In Goalball — An Intense, Fast-Growing Sport —Being Visually Impaired Is an Advantage
If you're heading to the 2016 Paralympic Games in Rio de Janeiro this September, there's one heated competition you can't pass up.
From one end of the rectangular court, an athlete will send a large ball hurtling toward three opposing players at around 40 mph. Those opponents will have less than one second to hurl their bodies into the ball's path, lest it cross their goal line and earn the other team a point.
What's more, none of the players will be able to see.
It's called goalball: the sport that levels the playing field for blind and visually impaired athletes.
In each 24-minute game, two teams of three blindfolded players compete to roll a ball past each other's goal lines. To excel, athletes have to rely on their other senses; the ball contains a bell so they can hear it moving, and the lines on the court are demarcated with tape and string, so players can feel them.
"You have to be able to be focused — constantly ready to listen and adjust, and to make the right play before the ball is even thrown," Joe Hamilton, a member of the U.S. men's goalball team, said over the phone. Hamilton is based in Fort Wayne, Indiana — home of Turnstone, the Paralympic sports club where his team trains full-time for the upcoming 2016 Games.
The strategy: It's not always easy to anticipate where the ball will go, Hamilton explained.
"Teams will make a soft white noise, like a shhhh, so a player can move around the court without his opponents being able to hear where he's going," he said. In another common tactic, one player will do a hard sprint forward as if he's about to throw, but then another player on his team will wind up and throw the ball instead — a classic fake-out.
"When you have possession of the ball, one thing you really want to do is take advantage of the fact that the other team can't see what you're doing," Hamilton said.
Have the players developed supersonic hearing abilities? Not exactly, according to Coach Matt Boyle. "It's a common misconception that when you lose one sense, the other senses get stronger," he said in a phone call.
"The best way to put it," Boyle continued, "is they have unbelievable amounts of awareness of the sounds around them."
Anyone with or without vision can play goalball, since all players are required to be blindfolded. But in certain international tournaments, such as the Paralympics, players must be legally blind, Boyle said.
Hamilton was 10 when he first played goalball, at a sports camp for blind children. His vision had been declining since birth, but after he lost it completely at age 12, the sport "really just became my passion," he said. He and his brothers had always been into team sports, and finally, there was a sport he could play as well as — or better, even — than them.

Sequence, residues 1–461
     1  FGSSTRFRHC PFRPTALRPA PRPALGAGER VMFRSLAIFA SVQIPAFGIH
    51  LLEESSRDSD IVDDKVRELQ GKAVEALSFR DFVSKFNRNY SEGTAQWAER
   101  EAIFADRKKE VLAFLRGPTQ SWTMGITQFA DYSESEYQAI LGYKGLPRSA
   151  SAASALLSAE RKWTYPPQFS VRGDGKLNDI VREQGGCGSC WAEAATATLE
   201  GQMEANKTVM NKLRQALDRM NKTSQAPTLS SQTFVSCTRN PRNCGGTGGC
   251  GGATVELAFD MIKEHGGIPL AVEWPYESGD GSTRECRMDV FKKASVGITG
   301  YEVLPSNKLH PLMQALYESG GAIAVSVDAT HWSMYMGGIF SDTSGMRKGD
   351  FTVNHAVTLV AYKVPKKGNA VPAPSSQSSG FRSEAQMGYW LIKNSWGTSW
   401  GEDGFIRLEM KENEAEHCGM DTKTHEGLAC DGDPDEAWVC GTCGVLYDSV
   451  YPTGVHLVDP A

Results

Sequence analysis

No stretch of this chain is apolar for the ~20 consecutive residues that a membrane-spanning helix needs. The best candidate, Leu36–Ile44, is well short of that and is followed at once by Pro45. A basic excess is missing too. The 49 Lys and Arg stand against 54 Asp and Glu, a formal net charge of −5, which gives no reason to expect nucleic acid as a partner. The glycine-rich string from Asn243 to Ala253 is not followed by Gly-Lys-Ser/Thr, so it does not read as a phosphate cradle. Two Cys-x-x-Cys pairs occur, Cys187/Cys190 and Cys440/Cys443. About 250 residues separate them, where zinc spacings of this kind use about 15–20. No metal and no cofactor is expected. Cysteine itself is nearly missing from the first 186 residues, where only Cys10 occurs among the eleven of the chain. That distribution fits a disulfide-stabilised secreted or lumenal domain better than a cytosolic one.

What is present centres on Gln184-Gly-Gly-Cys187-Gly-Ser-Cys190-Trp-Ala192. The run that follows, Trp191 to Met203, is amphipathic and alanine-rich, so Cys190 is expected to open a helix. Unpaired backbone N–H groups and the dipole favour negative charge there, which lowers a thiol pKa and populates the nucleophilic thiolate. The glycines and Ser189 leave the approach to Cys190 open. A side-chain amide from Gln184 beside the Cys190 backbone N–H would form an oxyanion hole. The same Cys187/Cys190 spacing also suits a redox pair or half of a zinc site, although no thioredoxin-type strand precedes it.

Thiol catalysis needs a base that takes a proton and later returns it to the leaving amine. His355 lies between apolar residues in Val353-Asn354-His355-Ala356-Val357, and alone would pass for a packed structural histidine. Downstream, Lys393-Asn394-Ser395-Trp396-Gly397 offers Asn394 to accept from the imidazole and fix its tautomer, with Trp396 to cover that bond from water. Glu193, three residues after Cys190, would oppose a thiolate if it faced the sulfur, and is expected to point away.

"When I'm out there, I love it," Hamilton said, "because no one has an advantage over me."
The history: Goalball was invented in 1946 by Austria's Hanz Lorenzen and Germany's Sepp Reindle to help rehabilitate blinded war veterans, according to the International Blind Sports Federation. The sport made its world debut at the 1976 Toronto Paralympic Games, and has been a Paralympics mainstay ever since.
Today, it's played in national and international competitions all around the world, with the U.S. Goalball National Championships coming up this June at Turnstone. Between 20 and 28 men's and women's club teams will compete, according to Turnstone CEO Mike Mushett.
"It's a growing sport," Mushett said over the phone. "We're just beginning to scratch the tip of the iceberg on its potential."
The training: Meanwhile, Hamilton and the rest of the U.S. men's goalball team are following a rigorous training regime in preparation for the Paralympics — a combination of practices, strength and conditioning sessions and meetings with trainers.
Earlier this month, the team traveled to Rio to play in a tournament to test the functionality of the Paralympic Games facilities. Four teams were invited — Finland, Lithuania, Brazil and the U.S. — and the U.S. finished fourth. In a press release, the U.S. players still said it was helpful to get a lay of the land on which they'll be competing in September.
"I look forward to the best possible scenario," Hamilton said of the Paralympics, when we spoke in April.
The fans, he said, are "going to have to watch U.S.A. play in that gold medal match."